DON’T BAIL THEM OUT
When my kids were really little, we spent many hours at the park. I would cringe whenever I saw another kid take a minor fall or scrape, and the mom come swooping over and pick her up and coddle her-over what? A scratch. The stakes are low right now parents. Our kids definitely need to be able to live inside a safe boundary. That’s the privilege we have as parents, offering our kids a safe refuge where they are uncondItionally loved. However, this does not include bailing them out, coddling them, never letting them be disappointed, never making them wait for a special gift or event, manufacturing a fake world in which they are the center of attention. The stakes are low NOW. One day the stakes will be higher. They’ll be away from us. Someone will hurt them emotionally. Do you want them to crumble or do you want them to know how to recover from disappointment, pain, and hurt? Do you want to groom them for success in work and relationships? Quit bailing them out. Because, once you start, it’s an endless vicious cycle.
READ WITH YOUR CHILD
Reading is a gift we give to our kids. It loves them. They love it. It’s about sharing ideas and having incredibly profound conversations that the book initiates for you. It is the portal to a big world, giving them a worldview, showing them that beyond the comfort of their small world, lays a big beautiful expanse of people, nature, and ideas just waiting for them to explore. It opens up possibilities for them. They can see themselves in successful relationships, jobs, and promising futures. You can get all that from just reading? Yes, you can. But more importantly, it is time well spent between a parent and a child. A wonderful time of love, appropriate touch, acceptance, and individual time with your child. READ. And when they are older, don’t let theme see the movie unless they have read the book, particularly if it is a movie based on a classic book!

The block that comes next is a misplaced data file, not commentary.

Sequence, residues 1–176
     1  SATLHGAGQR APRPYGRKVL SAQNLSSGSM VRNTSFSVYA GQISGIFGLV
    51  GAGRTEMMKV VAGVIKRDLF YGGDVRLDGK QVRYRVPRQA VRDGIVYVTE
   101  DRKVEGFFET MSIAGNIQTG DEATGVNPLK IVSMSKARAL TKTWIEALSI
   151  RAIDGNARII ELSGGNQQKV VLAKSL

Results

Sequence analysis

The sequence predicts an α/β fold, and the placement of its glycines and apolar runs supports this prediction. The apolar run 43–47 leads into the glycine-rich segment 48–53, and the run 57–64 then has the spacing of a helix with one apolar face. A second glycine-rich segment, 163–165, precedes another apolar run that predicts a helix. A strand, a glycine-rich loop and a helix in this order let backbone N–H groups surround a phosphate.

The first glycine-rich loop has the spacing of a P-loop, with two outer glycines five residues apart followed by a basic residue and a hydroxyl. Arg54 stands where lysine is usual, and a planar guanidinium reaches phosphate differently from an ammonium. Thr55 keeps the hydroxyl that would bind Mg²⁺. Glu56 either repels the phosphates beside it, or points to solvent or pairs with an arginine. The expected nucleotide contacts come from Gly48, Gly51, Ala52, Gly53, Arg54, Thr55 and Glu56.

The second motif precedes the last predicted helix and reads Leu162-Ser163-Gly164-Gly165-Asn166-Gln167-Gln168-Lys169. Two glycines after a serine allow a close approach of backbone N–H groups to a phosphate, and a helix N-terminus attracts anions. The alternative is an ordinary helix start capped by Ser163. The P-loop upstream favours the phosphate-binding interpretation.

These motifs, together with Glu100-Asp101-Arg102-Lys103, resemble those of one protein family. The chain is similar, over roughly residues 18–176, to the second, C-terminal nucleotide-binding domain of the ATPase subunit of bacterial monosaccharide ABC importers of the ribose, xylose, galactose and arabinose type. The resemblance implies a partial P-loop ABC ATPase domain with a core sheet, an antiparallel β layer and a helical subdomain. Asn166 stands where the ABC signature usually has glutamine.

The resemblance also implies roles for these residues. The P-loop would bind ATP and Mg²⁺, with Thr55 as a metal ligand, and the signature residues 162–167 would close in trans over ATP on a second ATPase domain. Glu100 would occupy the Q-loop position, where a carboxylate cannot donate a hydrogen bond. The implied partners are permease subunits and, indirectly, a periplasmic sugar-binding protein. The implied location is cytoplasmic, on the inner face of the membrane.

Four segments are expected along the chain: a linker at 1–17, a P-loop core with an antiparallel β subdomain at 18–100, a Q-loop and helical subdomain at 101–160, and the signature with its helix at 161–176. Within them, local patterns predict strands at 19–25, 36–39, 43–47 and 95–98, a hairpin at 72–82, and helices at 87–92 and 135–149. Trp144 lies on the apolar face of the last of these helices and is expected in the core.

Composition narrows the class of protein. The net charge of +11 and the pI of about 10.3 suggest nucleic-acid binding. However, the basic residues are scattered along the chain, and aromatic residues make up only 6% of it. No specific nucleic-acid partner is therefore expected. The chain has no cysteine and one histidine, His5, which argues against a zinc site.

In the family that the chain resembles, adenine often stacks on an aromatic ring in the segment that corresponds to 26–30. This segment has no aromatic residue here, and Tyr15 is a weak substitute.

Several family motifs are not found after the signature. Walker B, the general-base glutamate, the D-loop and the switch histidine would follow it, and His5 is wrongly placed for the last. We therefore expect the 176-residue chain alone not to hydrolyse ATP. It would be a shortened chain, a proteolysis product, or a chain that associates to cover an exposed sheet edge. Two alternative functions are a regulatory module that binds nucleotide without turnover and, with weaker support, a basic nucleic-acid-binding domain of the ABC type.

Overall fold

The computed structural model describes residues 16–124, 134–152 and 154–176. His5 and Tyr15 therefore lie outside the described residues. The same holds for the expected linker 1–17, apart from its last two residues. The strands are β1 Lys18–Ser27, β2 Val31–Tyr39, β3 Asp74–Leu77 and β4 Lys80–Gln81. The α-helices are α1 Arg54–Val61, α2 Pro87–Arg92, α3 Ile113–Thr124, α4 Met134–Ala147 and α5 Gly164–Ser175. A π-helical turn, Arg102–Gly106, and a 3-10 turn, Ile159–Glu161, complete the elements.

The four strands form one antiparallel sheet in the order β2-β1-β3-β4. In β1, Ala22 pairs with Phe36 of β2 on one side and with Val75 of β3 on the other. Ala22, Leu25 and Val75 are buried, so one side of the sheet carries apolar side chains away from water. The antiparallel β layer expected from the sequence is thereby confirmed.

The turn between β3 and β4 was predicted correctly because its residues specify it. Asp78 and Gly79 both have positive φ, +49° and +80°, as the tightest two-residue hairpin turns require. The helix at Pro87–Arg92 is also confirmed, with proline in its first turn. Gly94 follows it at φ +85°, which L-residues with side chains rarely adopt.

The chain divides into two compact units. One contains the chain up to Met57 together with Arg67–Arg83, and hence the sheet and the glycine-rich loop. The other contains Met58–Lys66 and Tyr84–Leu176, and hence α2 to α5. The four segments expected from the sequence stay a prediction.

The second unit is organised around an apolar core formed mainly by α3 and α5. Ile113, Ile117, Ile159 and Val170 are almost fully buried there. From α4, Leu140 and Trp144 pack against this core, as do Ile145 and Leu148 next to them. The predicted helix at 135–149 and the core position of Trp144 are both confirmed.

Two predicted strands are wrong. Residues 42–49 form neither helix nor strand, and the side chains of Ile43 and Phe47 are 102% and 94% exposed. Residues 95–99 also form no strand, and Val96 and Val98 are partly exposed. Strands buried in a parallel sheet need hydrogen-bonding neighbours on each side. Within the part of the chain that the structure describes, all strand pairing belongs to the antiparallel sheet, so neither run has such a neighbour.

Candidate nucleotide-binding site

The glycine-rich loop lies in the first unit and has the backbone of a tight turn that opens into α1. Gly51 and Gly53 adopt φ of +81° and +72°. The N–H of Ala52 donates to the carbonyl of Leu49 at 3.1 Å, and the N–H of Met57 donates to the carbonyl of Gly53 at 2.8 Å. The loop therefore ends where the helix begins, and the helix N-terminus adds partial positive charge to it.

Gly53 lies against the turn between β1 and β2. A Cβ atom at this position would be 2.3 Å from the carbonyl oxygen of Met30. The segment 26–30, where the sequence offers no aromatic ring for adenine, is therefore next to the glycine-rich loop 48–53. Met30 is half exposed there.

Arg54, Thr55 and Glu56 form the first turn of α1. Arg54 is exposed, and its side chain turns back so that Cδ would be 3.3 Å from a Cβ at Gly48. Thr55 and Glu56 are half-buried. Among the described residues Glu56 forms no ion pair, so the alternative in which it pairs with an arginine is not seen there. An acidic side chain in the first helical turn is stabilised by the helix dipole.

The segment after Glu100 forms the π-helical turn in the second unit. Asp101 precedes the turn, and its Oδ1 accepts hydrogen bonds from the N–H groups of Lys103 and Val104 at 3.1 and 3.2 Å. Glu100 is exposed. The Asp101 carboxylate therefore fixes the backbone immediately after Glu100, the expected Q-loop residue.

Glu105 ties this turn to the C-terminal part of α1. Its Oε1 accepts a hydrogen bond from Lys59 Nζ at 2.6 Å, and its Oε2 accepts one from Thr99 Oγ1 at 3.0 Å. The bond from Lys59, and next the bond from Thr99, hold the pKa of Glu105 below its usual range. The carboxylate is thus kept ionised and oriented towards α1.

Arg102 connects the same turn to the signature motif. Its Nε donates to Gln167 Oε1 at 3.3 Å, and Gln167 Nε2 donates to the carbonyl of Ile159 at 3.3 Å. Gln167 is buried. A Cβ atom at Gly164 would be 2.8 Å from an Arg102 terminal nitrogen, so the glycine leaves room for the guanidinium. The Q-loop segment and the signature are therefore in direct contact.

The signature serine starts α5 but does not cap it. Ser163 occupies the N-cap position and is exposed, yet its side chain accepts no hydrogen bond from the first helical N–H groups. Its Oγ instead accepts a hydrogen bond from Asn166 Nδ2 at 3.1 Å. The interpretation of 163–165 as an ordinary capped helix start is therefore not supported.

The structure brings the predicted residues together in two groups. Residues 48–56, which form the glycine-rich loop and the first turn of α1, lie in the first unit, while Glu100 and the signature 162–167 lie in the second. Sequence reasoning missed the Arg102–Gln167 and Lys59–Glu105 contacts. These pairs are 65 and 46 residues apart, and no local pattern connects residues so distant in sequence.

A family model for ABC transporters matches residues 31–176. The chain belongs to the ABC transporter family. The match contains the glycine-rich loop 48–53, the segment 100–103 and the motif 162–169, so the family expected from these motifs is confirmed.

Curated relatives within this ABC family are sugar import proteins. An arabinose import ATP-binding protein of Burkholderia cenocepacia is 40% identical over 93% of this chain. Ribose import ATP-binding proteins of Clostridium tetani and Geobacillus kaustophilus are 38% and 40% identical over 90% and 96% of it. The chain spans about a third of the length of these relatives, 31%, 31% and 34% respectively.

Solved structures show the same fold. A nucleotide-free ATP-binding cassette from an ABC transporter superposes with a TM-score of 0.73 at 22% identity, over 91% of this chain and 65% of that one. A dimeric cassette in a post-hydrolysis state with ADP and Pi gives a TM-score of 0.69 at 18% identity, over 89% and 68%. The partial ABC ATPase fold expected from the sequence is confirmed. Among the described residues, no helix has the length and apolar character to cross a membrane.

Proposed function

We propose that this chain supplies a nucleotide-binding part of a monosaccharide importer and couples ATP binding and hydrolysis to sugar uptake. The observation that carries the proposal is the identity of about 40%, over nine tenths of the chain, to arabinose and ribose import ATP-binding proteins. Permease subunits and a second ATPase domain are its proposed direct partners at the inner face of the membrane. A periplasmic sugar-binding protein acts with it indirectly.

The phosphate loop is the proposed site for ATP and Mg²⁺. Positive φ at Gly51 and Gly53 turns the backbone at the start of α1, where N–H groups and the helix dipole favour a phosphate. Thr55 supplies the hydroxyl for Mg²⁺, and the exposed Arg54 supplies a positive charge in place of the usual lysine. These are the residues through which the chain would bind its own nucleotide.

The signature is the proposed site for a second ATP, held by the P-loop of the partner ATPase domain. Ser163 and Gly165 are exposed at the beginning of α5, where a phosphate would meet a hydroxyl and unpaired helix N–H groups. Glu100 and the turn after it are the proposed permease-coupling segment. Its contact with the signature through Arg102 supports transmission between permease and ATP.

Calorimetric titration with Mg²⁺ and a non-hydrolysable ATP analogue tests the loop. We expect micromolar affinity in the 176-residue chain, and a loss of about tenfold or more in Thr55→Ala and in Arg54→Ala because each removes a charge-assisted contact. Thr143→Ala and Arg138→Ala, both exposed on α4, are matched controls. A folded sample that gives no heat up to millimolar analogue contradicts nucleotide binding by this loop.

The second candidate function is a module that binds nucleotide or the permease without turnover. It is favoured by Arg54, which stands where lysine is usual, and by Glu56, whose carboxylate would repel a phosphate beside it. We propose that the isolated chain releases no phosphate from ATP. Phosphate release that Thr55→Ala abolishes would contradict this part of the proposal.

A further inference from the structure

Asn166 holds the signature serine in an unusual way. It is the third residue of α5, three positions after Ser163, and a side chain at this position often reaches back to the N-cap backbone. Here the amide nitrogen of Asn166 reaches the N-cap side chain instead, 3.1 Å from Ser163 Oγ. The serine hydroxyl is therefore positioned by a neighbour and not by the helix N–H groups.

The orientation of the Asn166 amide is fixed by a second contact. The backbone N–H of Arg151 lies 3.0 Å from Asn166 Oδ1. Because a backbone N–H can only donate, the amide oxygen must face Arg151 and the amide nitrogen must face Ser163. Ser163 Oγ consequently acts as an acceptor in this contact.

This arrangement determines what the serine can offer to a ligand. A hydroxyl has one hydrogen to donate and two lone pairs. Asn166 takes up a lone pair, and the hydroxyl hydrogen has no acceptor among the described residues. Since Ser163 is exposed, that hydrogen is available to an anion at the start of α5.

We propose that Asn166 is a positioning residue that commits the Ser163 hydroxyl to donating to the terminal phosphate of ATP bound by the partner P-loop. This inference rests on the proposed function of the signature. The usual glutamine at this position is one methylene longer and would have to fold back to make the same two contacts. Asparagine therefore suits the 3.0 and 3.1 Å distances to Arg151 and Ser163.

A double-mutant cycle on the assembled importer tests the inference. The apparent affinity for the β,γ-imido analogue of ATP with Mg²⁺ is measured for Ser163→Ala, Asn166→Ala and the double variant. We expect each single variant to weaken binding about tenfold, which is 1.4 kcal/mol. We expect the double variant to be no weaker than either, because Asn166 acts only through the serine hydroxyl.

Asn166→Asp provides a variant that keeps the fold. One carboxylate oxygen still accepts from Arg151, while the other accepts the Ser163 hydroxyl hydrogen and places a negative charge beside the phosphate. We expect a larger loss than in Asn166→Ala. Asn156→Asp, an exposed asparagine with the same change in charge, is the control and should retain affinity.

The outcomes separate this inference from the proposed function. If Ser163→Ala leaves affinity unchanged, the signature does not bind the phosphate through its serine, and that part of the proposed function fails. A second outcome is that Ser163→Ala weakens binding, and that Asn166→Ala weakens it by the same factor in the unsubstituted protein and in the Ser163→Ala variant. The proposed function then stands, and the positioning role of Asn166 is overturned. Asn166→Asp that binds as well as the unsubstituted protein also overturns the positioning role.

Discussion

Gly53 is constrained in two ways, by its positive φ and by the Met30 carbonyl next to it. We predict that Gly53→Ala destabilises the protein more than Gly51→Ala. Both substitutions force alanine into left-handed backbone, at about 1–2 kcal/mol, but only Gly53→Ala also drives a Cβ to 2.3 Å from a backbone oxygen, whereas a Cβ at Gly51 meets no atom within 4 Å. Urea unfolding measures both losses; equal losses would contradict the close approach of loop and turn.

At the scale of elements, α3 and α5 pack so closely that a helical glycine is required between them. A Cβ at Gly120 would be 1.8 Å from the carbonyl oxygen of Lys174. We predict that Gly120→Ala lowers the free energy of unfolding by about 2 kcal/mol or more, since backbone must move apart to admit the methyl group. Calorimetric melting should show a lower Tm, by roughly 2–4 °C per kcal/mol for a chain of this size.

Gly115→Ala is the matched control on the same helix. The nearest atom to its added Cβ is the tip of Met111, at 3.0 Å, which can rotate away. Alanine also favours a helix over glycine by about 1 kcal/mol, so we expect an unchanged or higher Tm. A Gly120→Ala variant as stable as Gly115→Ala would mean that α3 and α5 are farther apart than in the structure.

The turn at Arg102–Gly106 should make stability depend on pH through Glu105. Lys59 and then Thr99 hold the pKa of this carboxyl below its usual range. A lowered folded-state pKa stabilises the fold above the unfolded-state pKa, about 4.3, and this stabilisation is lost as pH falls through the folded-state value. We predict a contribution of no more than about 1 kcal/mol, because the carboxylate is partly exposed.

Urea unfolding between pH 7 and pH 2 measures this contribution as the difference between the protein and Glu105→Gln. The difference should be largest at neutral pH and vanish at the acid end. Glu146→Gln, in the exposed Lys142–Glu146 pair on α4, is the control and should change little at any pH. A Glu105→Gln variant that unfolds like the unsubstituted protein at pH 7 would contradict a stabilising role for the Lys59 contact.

HAVE FUN WITH YOUR KIDS
Establish family traditions. Go to the state fair together, have family dinners around the table. Take time for family vacations, special holiday traditions, board games, bikes, walks, and cuddles on the couch. Let them pile up in your bed for a few minutes at bedtime to talk about everything under the sun. (Our teenage girls still do this.) Or pile up in their bed. Laugh out loud together. Share inside jokes, music, books, friends, family. Share your heart. Let them in your world. Walk through the open door and thank God when they let you in theirs. Look straight into their eyes and remind yourself they are a gift from God that you have been given for only a short amount of time. Like a vapor, this time comes and it goes so quickly. Love them deeply. Treasure them always.